Have you ever seen a stainless steel or metal alternative to the 1 quart berry/produce containers? Our community is looking for a more sustainable solution and everything we’ve found doesn’t have the slotted drainage to avoid mold and other issues with berries specifically.

4 years ago

Do you have any recommendations of what size container to purchase in order to buy meat in them? Do you have any experience of what size 1lb of ground turkey would fit into for example.

6 years ago

Didn’t read all responses, but use itty bitty pieces of apple to keep baked goods fresh in Frigidaire or freezer. Keeping oxygen away from food is key to preservation. Pyrex makes round & square food storage containers with rubber lids.

Viola Toniolo
7 years ago

I use these stainless containers for buying meat and seafood, they are amazing!

9 years ago

Are there glass options for airtight/watertight food storage? I really *really* need square containers and there just aren’t any to be found. There are a lot of families in infertility groups looking to rid their homes/kitchens of plastic and have no resources whatsoever. Glass products like this would be IDEAL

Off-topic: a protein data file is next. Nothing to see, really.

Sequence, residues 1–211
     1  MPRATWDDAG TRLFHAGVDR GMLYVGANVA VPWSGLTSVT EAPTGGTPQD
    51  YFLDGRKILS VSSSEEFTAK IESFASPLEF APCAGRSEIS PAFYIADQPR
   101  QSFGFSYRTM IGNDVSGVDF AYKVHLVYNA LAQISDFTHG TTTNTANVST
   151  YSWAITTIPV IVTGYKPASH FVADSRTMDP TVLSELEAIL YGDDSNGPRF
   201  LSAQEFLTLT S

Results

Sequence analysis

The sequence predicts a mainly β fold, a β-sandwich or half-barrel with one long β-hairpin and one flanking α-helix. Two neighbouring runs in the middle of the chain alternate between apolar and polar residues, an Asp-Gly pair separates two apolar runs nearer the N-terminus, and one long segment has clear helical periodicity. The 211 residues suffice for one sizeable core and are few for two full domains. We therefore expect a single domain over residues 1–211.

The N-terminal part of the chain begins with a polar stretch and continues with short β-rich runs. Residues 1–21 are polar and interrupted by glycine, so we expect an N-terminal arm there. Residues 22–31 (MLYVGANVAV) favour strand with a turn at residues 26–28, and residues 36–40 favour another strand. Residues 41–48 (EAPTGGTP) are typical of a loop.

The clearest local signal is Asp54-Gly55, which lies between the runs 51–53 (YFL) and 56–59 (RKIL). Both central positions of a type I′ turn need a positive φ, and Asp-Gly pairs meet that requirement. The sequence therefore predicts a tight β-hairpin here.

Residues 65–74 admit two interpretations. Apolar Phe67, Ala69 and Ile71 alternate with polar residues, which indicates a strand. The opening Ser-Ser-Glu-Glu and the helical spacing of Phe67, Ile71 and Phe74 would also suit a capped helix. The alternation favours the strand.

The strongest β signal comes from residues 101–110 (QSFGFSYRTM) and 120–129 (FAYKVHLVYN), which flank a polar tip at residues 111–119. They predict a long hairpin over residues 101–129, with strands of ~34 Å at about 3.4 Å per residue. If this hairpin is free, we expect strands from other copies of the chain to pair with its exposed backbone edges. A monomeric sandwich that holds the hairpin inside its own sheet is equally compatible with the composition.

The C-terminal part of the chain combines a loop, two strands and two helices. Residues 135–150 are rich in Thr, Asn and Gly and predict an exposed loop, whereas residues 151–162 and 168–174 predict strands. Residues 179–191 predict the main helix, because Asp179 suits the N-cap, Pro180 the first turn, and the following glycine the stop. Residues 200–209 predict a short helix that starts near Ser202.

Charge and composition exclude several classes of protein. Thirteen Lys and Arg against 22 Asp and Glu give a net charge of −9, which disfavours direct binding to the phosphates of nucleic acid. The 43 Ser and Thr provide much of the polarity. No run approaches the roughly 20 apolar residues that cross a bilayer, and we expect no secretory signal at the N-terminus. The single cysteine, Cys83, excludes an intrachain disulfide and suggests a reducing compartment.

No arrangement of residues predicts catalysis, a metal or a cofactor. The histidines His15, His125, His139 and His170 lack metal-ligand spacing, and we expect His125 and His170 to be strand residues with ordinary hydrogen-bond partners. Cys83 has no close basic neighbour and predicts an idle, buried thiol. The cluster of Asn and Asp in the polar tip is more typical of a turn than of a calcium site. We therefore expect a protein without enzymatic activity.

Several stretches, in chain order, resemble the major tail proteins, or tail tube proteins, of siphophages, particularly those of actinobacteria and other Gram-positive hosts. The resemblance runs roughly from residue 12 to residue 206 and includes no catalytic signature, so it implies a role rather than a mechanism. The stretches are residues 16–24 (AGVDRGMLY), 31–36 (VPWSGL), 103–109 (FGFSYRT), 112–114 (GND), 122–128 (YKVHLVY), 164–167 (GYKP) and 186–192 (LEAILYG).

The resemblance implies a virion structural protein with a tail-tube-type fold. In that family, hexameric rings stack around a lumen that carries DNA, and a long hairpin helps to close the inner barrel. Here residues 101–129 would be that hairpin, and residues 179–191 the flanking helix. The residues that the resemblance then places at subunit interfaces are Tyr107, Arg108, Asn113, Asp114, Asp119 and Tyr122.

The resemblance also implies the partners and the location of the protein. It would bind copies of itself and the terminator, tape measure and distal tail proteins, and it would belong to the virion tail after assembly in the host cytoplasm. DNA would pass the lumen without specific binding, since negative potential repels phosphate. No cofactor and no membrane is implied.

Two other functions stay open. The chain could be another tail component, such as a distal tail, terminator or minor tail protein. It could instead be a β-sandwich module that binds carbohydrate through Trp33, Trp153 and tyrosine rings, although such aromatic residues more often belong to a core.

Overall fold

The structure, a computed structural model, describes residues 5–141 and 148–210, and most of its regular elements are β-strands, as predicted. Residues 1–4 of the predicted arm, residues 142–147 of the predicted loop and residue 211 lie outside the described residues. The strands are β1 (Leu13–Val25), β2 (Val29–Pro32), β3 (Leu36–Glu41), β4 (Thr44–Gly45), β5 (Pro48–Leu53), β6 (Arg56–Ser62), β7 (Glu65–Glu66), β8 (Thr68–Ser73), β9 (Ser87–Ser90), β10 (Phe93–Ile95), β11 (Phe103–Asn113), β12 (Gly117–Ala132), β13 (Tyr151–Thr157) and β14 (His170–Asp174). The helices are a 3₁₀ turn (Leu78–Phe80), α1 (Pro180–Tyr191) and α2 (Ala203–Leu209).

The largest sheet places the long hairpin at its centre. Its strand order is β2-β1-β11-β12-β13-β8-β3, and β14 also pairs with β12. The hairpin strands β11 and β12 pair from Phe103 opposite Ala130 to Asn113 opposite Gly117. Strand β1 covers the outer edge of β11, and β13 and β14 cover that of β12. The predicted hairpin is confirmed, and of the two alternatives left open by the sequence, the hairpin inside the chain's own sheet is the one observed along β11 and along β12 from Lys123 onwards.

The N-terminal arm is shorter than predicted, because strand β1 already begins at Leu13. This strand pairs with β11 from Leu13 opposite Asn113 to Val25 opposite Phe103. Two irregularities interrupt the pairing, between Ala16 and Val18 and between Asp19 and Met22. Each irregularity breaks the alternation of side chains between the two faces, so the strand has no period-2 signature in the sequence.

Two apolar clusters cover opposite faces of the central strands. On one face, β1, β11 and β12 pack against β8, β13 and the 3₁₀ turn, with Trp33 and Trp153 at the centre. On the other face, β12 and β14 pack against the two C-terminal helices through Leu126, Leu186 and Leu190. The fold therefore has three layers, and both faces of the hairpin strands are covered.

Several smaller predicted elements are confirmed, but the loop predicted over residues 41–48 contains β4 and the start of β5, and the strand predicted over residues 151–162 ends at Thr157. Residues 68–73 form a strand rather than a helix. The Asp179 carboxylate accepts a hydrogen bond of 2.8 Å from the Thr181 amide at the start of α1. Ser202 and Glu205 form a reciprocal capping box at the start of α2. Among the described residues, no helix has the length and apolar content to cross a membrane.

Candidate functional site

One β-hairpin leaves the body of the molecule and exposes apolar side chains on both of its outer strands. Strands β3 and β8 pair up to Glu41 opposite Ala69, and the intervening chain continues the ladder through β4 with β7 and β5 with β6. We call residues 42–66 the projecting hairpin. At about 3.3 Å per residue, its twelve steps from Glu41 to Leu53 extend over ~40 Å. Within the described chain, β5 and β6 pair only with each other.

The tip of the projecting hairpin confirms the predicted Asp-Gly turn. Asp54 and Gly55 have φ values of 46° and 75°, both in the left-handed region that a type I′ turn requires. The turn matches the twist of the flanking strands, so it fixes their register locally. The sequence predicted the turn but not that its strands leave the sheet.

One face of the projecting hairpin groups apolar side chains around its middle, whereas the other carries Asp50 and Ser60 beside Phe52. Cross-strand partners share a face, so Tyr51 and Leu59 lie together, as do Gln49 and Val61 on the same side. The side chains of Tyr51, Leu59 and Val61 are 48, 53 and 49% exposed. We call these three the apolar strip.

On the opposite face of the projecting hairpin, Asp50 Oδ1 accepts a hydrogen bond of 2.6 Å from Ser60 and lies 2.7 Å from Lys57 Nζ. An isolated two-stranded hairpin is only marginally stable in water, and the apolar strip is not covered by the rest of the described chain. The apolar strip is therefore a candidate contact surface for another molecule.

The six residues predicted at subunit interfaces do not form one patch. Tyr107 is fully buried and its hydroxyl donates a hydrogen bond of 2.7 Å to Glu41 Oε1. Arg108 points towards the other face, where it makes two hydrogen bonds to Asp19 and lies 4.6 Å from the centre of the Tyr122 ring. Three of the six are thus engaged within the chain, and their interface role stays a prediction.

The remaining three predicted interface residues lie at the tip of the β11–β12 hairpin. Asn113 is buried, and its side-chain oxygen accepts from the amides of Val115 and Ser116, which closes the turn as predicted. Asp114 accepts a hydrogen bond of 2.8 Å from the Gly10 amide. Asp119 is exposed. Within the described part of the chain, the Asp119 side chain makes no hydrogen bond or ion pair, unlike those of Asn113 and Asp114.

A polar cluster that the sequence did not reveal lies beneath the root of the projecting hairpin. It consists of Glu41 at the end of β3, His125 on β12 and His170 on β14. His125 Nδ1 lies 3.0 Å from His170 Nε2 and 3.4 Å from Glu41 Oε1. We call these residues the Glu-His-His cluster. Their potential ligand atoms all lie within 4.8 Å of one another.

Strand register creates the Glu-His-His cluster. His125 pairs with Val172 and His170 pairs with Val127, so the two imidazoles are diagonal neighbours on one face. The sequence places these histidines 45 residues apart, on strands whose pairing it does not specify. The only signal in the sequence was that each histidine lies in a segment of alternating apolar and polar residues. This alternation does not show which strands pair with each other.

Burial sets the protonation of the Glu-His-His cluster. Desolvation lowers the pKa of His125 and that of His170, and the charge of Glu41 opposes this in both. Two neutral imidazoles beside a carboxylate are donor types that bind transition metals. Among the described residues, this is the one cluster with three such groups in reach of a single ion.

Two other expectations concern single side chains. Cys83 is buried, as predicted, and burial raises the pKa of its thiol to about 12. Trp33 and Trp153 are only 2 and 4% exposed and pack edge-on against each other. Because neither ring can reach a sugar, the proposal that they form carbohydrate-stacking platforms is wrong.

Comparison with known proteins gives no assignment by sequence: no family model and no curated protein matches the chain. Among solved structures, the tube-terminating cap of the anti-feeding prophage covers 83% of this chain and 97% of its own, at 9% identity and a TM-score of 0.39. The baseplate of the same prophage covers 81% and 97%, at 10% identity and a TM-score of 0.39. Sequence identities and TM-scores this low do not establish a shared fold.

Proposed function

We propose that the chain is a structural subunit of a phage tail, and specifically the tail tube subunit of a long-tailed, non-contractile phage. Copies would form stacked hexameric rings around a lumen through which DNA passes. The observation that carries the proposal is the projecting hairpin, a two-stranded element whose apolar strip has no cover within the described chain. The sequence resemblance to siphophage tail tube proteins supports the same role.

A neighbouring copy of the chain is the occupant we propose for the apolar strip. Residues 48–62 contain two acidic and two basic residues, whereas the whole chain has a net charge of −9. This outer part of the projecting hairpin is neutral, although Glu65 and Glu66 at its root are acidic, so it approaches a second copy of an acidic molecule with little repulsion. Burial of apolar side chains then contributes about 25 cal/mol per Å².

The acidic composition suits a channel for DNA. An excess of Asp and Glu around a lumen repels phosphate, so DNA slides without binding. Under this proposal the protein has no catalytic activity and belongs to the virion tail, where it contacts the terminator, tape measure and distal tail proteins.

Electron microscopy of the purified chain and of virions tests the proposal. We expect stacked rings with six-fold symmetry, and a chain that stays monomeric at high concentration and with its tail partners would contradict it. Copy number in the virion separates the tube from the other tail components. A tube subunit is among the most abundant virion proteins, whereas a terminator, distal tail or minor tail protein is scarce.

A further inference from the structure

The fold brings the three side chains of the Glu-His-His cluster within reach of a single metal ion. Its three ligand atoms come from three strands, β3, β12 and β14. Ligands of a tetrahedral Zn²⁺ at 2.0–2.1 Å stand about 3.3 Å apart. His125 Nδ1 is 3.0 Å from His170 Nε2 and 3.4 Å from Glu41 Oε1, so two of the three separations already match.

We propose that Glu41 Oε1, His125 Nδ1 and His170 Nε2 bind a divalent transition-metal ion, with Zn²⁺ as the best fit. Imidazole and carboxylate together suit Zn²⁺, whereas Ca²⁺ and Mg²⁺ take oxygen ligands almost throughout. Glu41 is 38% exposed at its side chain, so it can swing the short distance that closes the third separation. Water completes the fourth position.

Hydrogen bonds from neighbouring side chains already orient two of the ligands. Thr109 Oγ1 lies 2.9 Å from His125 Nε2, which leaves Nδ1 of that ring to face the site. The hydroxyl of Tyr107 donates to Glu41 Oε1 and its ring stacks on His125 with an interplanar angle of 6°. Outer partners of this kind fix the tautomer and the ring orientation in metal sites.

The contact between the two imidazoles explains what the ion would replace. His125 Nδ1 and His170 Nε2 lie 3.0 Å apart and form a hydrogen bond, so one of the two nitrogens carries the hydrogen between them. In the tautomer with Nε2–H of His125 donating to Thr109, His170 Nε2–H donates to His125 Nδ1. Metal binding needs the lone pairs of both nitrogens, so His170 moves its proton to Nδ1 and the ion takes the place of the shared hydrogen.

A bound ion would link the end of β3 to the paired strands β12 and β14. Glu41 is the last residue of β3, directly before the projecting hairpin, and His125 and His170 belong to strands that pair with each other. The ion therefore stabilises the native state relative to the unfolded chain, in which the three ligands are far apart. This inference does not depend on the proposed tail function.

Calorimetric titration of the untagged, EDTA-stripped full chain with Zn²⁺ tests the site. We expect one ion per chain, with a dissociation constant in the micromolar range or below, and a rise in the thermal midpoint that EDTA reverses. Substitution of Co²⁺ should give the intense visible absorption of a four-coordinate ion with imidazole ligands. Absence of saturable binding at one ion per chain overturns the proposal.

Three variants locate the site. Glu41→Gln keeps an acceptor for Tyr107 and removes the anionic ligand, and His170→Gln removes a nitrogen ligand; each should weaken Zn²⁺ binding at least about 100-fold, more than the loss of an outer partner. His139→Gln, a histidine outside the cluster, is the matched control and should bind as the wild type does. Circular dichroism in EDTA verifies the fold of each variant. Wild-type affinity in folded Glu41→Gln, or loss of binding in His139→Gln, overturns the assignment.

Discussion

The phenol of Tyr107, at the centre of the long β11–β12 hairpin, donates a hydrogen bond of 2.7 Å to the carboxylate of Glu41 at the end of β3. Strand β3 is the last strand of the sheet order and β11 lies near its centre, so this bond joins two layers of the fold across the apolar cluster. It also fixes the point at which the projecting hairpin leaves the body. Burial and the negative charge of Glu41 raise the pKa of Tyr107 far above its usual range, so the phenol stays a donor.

8 years ago
Reply to  Olivia

Check out the “KORKEN” and “FORTROLIG” series at IKEA. FORTROLIG are glass containers with plastic “click on” lids.

9 years ago

The “bread” container is sold out. Any chance there will be more before the sale ends?

Jay Sinha
9 years ago
Reply to  Assilem

Hi, Unfortunately, no, we will not have more of the 2L size before the sale ends (we won’t have more for a couple of months), but the three other sizes are available: 2L/0.5gal, 7L/1.85gal, 10L/2.6gal. All of them can work perfectly fine for bread as well, depending on the size of the loaf – the 7L and 10L would likely have room for 2 loaves.
Thanks for your interest.
Jay from Life Without Plastic

9 years ago

That would be a good mouse-proof container!

Mae JB
9 years ago

I’ve been trying to contact someone on the Life Without Plastic Boutique but I can’t seem to get through. It seems to get stuck. I like to know which size container is good for storing a loaf of bread.

Jay Sinha
9 years ago
Reply to  Mae JB

Hi Mae, I don’t see any e-mail or phone messages from you and both systems are working fine on our end 24/7: or 1.888.898.0369. If you call or send us an e-mail with your question, we’ll respond promptly or let us know your phone number and we can call you at a time that works for you.
Regarding the size of a loaf of bread, it really depends on the size of the loaf of bread you are considering as it can really vary. The dimensions of each container are indicated in the description. But for a standard sized loaf of bread, probably the 4L/1gallon container would be a safe choice.
Hope that’s helpful.
Jay from Life Without Plastic ( )

Mae JB
9 years ago